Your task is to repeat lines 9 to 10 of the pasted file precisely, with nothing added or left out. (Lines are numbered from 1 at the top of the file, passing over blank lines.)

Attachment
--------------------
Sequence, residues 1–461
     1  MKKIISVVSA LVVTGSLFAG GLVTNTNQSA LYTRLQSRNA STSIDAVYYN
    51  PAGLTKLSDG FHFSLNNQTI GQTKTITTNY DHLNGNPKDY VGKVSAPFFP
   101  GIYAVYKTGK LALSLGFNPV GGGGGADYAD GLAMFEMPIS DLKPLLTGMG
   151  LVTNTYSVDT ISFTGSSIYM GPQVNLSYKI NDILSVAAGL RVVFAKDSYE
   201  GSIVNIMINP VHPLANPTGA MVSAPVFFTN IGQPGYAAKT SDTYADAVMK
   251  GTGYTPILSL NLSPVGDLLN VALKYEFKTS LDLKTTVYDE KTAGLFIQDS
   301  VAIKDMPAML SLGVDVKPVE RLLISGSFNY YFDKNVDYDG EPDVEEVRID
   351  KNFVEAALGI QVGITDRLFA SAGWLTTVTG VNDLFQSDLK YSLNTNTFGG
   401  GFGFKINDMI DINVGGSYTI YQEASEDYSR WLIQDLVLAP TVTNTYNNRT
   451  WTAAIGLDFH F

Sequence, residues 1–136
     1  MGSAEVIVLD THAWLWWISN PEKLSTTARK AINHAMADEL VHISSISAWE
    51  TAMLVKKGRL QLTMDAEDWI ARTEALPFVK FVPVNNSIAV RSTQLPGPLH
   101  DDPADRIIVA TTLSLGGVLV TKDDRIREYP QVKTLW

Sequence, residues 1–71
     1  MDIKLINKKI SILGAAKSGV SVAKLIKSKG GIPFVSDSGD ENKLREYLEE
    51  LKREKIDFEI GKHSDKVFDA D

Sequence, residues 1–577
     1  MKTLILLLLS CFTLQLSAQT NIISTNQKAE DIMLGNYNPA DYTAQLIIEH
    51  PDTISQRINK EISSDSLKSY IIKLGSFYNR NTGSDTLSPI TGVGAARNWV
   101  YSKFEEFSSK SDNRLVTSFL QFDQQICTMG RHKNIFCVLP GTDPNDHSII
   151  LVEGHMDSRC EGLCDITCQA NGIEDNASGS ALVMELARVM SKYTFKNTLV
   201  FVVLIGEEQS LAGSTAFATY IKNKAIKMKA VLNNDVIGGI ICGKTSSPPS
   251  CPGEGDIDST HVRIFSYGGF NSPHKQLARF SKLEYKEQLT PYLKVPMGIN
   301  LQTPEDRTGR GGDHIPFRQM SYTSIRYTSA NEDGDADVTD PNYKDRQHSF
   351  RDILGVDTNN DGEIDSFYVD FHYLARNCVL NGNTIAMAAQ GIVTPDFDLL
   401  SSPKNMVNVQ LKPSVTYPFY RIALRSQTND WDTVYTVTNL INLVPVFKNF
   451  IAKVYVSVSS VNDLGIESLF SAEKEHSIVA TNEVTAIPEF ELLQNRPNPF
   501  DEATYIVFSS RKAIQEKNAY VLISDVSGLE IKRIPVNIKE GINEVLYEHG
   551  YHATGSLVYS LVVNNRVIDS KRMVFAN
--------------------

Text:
   351  KNFVEAALGI QVGITDRLFA SAGWLTTVTG VNDLFQSDLK YSLNTNTFGG
   401  GFGFKINDMI DINVGGSYTI YQEASEDYSR WLIQDLVLAP TVTNTYNNRT